Understanding how to approach your employer about flexible work

by Liz Benson

As a working parent, there will be times when your work commitments and your family commitments clash. It’s inevitable. Sometimes it’s a short-term situation and other times it’s an ongoing requirement.

As an employee, flexible working conditions can help you optimise your work performance while still attending to the needs of your family.

The first challenge when talking about flexible work is that it means different things to different people.  Ultimately it is about being flexible from both perspectives, as the employee and as the employer. It’s important to keep that top of mind while you work together to achieve an outcome that works for both parties.

When asking for flexible work conditions, the key is to understand what is business-critical for your employer’s business, so you can address that upfront while asking for what you need.

In many professions, there is now a body of research that shows that flexibility at work is generally seen as good for business.

Here are some of the things to keep in mind when asking for flexible working arrangements:

Understand your rights

If you’ve worked for your employer for 12 months or more, you’re legally entitled to ask for flexible working hours. This means that your employer needs to consider your request, not that they are required to agree to it. You can make it easier for them to agree by:

  • making it clear what you are asking for and why it is important to you
  • suggesting review dates to ensure the situation is working for both parties. This also shows that you are flexible in return and keen to ensure the situation works for everyone
  • explaining how you plan to manage the situation to ensure it runs smoothly. For example, if you have very small children and are asking to work at home several days a week, who will be looking after the children while you work? How will you take calls from clients and colleagues professionally? Do you plan to work full days at home or do you need to consider reduced hours? Explaining the variables makes it easy for your employer to understand the circumstances and how it will work for them as well as you.

Make your request in writing (certainly flag it before submission or follow up verbally as well) so that your request is clear.

Your employer will need to respond to your request within 21 days and can only refuse your request on ‘reasonable business grounds’. These can vary but might include reasons such as: untenably-high costs of the new working arrangements; no capacity to change the working arrangements of other employees to accommodate your new working arrangements; or your new working arrangements would have a significant negative impact on efficiency, productivity, or customer service.[1]

Know what you want

Due to the varied nature of flexibility, before you ask your employer to accommodate your needs, make sure you know exactly what kind of flexibility you’re looking for. Some examples include:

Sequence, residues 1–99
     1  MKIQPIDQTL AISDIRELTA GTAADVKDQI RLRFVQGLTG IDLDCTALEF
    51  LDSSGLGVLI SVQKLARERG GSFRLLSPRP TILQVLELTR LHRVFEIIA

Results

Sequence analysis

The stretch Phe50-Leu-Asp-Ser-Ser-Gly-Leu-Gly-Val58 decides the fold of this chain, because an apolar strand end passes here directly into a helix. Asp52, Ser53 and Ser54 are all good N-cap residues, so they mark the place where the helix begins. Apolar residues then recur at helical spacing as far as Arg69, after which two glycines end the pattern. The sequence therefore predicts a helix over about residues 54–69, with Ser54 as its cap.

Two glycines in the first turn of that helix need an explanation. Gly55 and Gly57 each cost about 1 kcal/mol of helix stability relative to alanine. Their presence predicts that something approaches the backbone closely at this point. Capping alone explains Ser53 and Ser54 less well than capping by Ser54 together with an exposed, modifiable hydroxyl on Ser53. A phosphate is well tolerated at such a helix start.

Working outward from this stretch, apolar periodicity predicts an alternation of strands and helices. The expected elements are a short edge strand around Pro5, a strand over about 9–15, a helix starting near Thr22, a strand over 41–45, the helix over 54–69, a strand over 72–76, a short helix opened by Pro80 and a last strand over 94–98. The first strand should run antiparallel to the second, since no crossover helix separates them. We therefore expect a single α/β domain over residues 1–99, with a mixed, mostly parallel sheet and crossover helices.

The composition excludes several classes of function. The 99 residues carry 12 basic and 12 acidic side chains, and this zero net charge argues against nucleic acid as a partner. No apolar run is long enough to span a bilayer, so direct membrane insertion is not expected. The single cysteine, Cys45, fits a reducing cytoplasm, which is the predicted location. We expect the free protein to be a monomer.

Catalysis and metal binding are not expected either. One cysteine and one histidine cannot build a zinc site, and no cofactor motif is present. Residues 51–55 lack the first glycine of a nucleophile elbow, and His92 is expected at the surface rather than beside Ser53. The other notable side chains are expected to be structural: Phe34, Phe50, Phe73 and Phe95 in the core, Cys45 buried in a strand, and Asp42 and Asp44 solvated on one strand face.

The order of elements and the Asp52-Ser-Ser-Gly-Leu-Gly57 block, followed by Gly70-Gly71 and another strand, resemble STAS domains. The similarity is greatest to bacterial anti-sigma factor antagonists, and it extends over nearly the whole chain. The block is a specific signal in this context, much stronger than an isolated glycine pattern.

• flexible working hours
  • part-time work or job sharing
  • time in lieu
  • compressed working weeks
  • telecommuting
  • purchasing additional leave.

Know your business’s policies

Most businesses have policies around flexible working. Understanding the policies that are already in place lets you frame your request around that. Here are some questions to consider:

  • Does your business have the tools already in place that you would need in order to work the way you would like to?
  • Are there success stories in your organisation you can leverage as examples?
  • Have you spoken to any colleagues that already have flexible arrangements in place to get insights and learnings?

If your needs fall outside the written policies, it doesn’t necessarily mean your request is doomed. You will need to think about how to frame it differently so it’s clear that your needs and the business’s needs can both be met.

Be prepared to negotiate

Your employer is more likely to grant a request for flexibility if you’ve done your homework and you have some creative ideas regarding how to get your work done in a way that maintains productivity for the business. This may mean you need to be open to alternative ideas and negotiating with your employer.

Get help if you need it

If you’re not comfortable talking directly to your employer about your need for flexibility, you can request that a representative accompanies you to any discussions.

It’s useful to know that employers are generally obliged to make flexible arrangements work. If your employer is unreasonable or refuses your request without good reason, you may be able to take your request to the Fair Work Commission. Before doing that, it’s important to make sure you have a valid case. You can find more information on the Fair Work Commission’s website.

If you’re not covered by an award, you can’t take your dispute to the Fair Work Commission but you could seek legal advice about the possibility of other causes of action against your employer such as an adverse action claim or discrimination claim.

It is important to remember that your request for flexibility will have a better chance of success if you’ve considered the needs of the business and you can demonstrate how your work will be done. In many cases, working parents with flexible conditions can be even more productive than other team members because of the high motivation to get their work done so they can focus on their family outside of work.[2]

Flexible work is the future of business in Australia. Whether you’re following a well-worn path in your organisation or blazing a trail, it is absolutely possible to remain a high performer while gaining flexibility if it is approached in the right way.